Sunday, May 23, 2010

la dolce vita (the sweetness of doing nothing)

We closed out our Roman adventures by renting 2 cars to drive to the Tuscan countryside. Being in Europe, the cars were manual transmission. Being carefully trained in a 1992 Geo Prizm in high school, I was one of the few qualified drivers for the Fiat Punto.

After a warm-up drive around the rental car parking lot (oh, that light means the parking break has been on), I was ready for the roadway. Things were jerky but fairly uneventful. I didn't have to drive through Rome, but the winding, narrow country roads, the town piazzas (GPS says turn left, I say that's a 5-ft wide alleyway), and the washed-out, muddy ascents from our off-the-beaten-path rental home to the main road got me very acquainted with negotiating first and second gear.

In the end, everything went well with the car. We did have a slight hiccup one day when we filled the tank with regular instead of diesel fuel. A 2-hour wait for siesta to finish, a ride with an Italian tow truck driver, another 2-hour wait at a car shop in no-where Italy, and $400 later, we were back on the road.

Besides being in a car, here are other things we did in Tuscany.

Lucignano, the nearest town to our lodgings (we stayed in a villa on countryside castle grounds).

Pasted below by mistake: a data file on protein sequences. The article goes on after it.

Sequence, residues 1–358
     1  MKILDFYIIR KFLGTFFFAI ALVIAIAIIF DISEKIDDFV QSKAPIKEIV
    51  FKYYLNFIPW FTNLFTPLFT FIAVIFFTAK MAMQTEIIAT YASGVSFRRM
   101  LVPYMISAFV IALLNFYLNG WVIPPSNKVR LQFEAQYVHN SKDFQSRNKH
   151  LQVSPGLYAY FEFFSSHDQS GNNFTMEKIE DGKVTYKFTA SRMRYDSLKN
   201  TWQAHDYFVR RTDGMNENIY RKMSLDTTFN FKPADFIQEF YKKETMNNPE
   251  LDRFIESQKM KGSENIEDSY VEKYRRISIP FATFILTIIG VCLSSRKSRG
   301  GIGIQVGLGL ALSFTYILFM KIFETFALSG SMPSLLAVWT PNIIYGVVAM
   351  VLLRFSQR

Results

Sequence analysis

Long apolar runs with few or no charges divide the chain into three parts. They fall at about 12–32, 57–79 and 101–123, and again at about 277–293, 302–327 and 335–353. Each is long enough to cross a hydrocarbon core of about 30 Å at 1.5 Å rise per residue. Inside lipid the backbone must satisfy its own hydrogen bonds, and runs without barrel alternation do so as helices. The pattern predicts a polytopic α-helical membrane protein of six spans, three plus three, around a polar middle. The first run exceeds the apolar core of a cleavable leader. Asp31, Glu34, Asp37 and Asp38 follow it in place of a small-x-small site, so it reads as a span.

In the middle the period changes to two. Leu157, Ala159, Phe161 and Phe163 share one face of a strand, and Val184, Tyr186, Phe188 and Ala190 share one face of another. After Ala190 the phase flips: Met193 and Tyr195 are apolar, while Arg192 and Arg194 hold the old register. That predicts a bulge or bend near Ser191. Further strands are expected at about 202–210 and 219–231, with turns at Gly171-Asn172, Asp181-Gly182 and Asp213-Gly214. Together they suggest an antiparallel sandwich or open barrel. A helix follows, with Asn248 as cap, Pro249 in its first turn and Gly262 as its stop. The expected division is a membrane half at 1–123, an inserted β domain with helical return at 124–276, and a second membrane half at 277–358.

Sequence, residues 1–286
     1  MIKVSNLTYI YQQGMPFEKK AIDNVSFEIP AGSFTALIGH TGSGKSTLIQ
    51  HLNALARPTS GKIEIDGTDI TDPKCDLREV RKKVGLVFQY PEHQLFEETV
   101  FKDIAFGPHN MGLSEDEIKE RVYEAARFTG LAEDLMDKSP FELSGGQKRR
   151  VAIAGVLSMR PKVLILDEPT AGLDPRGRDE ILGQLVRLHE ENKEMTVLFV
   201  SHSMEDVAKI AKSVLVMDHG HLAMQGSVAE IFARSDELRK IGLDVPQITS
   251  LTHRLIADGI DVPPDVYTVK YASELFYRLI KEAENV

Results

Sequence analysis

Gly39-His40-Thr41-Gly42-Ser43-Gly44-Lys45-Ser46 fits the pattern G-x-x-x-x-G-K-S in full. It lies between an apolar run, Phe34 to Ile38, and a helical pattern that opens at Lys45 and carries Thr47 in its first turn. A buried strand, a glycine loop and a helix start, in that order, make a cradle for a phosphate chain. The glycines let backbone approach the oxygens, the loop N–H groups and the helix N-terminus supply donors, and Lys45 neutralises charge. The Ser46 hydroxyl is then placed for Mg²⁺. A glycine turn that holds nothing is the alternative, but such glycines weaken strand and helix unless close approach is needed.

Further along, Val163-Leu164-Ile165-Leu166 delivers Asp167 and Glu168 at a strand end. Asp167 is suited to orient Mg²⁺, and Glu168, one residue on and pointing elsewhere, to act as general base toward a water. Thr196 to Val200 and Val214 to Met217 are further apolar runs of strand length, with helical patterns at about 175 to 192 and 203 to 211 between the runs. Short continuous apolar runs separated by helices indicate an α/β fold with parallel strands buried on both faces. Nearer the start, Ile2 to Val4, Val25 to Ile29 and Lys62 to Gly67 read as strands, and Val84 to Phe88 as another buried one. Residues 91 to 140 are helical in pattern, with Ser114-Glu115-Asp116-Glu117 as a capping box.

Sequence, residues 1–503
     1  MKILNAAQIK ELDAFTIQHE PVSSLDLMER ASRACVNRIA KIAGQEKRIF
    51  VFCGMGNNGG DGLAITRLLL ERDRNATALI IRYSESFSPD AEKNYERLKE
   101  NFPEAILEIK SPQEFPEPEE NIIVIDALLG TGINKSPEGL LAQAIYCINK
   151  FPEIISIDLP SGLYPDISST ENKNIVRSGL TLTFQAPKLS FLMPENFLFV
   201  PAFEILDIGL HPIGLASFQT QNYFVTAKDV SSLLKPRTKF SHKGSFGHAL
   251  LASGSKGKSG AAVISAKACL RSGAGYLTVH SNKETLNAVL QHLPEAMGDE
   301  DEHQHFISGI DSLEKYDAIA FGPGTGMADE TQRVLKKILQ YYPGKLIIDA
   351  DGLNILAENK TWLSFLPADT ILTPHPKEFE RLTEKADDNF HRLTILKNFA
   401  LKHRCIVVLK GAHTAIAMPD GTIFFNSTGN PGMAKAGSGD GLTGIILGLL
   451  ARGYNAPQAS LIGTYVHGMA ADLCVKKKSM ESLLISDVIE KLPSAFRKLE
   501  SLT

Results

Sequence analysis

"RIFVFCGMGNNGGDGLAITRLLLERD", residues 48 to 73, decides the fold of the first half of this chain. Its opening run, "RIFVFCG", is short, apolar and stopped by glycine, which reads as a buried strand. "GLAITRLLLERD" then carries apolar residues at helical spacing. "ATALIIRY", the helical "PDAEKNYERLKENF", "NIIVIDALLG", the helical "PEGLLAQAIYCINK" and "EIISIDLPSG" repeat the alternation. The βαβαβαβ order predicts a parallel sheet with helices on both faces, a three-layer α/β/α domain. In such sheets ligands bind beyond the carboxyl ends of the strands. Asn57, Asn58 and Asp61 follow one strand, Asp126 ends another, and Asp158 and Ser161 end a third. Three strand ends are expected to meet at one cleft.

Dinner prepared by our Italian cook, Amela, who came 3 out of the 7 nights we were there.

In the Punto.

Some of the countryside.

More of the countryside. This is a small town called Cortona. It sits atop a hill, looking out over the valley. Abe and I spent an afternoon alone there, and it was one of the highlights of the trip.

Us being happy.

Us eating Gelato from Snoopy's. Nutella flavor wins again.

This is a 2-way road.

Many evenings spent by the fire playing Rook.

Abe cooking popcorn over the fire.

Lake near the villa - I couldn't get over how beautiful the clouds were. It rained every day in Tuscany, but usually cleared up in the afternoons. Considering we never woke up before 11am, that worked out pretty well for our schedules.

Kids locked out of the house while parents on day trip. Chris climbed up and through an open window.

Skyline of Florence. We only spent about 5 hours here, mostly hitting the 2 major museums to see Michaelangelo's David and a collection of some of the most famous paintings from the Italian Renaissance. Which was exactly what I wanted to do with only 5 hours in Florence.

We also managed to get some street kebabs and gelato (twice, actually. favorite flavor: half dark chocolate and half caramel).

The duomo.

I loved the colors of the buildings here. Abe and I have taken inspiration from our trip and will paint our nursery in a Tuscan palette (warm yellow walls, red-orange and sage green accents).


Dawn said...

The sweetness of doing nothing is often a skilled not learned until one is MUCH older than the two of you! I'm glad you had that experience and can appreciate it. Loved the "going in the window" photo! And the one of you two "being happy."

Love Tuscany. Love love love it.


Margaret said...

Gorgeous, and what an awesome family vacation! It sounds perfect, and wonderfully laid back.

We can very much sympathize with the gasoline incident - we accidentally filled our car with regular instead of diesel in Scotland, resulting in a two day wait time. Who would have thought that not all mechanics are qualified to handle GASOLINE? (Seriously. Apparently in UK you have to have a special hazardous substance license for such things).